Staying active and healthy during the winter can be challenging for many reasons. From a schedule packed with holiday plans to cold, unwelcoming weather to a season that invites sweet indulgence after sweet indulgence, the odds are stacked against our quests to stay fit. Even our psyches can be impacted by the winter. As the staff at the Mayo Clinic explains, seasonal affective disorder (SAD) “is a type of depression that’s related to changes in seasons... sapping your energy and making you feel moody.” Specific symptoms include low energy, appetite changes, oversleeping, change in weight, and loss of interest in activities you once enjoyed, among other things. So what can we do when it is cold outside and we lack the drive to pursue healthy activities? Try one of these ideas for sparking a bit of that much needed fitness fire!
Normal fitness routines really take a hit during the holidays. That does not have to translate to a full sedentary season though! Try mixing it up. Take ice skating, for example. Not only will you burn a few hundred calories, festive outings also aid in boosting morale, increasing your chances for further activity. Other ideas include taking a class or signing up for a holiday fun run. These events encourage ongoing activity by providing a regular, scheduled time to participate in which you are held accountable for attending (as in the class) or by giving you a goal to strive towards and something to prepare for (as in the run). You do not necessarily have to leave home to get moving though. Try some of our equipment-less exercise recommendations or make a weekend of getting your spring cleaning done early. Housekeeping requires movement and burns calories while freshening up your environment. By the time spring rolls around, you will be ready to get out of the house, so why not have the spring cleaning done beforehand?
Much can be said about how to watch what you eat during the holidays, but we aren’t here to roll out a soul crushing diet during the months of decadence. Instead, we recommend that you think about the impact that foods have on your individual drive and create a plan that keeps those things in mind. For example, if you are always tired after overeating at holiday celebrations, make it a habit to exercise before each gathering. If you know that winter means multiple mugs of warm beverages, stock your cabinets with various teas and sugar free drinks rather than high calorie hot cocoa. If the break room at work is constantly full of seasonal treats, require yourself to eat the healthy lunch you brought from home before grabbing for the sweets. This will fill your stomach (at least partially) with foods you want to be eating, minimizing the amount of space available for empty calories without forcing you to swear off of the deserts you love at this time of year.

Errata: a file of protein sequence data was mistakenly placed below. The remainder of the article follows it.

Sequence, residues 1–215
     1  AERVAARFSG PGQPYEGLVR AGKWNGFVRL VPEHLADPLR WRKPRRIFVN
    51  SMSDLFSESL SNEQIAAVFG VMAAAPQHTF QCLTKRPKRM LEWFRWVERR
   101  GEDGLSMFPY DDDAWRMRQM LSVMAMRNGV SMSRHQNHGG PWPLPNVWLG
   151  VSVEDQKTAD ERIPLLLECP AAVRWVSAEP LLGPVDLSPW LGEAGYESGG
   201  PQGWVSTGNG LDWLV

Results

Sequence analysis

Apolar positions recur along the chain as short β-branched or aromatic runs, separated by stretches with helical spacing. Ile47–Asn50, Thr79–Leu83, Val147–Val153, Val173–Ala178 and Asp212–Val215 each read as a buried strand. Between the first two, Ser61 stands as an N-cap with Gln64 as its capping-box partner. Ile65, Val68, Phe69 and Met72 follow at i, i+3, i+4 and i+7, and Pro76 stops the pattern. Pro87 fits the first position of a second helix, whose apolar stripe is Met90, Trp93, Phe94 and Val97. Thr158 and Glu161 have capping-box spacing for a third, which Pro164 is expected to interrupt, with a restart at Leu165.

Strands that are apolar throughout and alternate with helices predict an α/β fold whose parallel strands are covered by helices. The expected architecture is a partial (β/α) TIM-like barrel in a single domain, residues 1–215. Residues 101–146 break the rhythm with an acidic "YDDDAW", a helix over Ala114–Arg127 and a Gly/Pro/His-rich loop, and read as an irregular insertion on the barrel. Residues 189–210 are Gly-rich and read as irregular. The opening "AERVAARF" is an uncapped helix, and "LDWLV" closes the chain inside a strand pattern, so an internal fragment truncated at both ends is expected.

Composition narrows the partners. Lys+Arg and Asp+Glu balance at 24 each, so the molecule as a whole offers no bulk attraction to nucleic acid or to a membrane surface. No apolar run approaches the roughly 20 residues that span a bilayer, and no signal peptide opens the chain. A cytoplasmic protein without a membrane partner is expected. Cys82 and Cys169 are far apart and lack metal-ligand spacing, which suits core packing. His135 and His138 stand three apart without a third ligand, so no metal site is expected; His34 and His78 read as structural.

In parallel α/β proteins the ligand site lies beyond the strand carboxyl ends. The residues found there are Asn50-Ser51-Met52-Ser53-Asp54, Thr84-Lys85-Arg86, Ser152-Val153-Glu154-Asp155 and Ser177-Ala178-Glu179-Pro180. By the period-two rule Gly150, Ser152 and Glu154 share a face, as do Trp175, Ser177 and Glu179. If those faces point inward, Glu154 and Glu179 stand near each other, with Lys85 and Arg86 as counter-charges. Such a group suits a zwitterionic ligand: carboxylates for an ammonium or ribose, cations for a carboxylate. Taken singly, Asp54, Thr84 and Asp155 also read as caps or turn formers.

Sometimes the biggest struggle we face is not the cold or the calories, but our internal capacity to get moving. As discussed above, some of this is environmental and can be discussed with your doctor. Other times though, we simply need a personal boost to pick ourselves up. This can be as easy as opening the blinds to let in some sunshine to more challenging ongoing tasks like warding off illnesses throughout the season. Regardless, prioritizing our mental and emotional well-being during the winter months is an important piece of staying healthy and active during the holiday season. This part of the year can be an excellent time to try something new with your hair or take steps towards addressing any hair thinning or loss. Additionally, adjustments in wardrobe, such as rocking a new item or smartly layering current clothing, can also affect our mentality. Look good, feel good!
Staying healthy and fit requires ongoing activity, eating right, maintaining hygiene and hair care, and fostering a positive environment for our mind and emotions. Winter challenges us to keep up these priorities, but we know it is possible to overcome the cold and do so. Ask yourself today – what one change can I implement to increase my health and activity level this winter? Then do it!
Photo credit: martinak15 via Flickr Creative Commons
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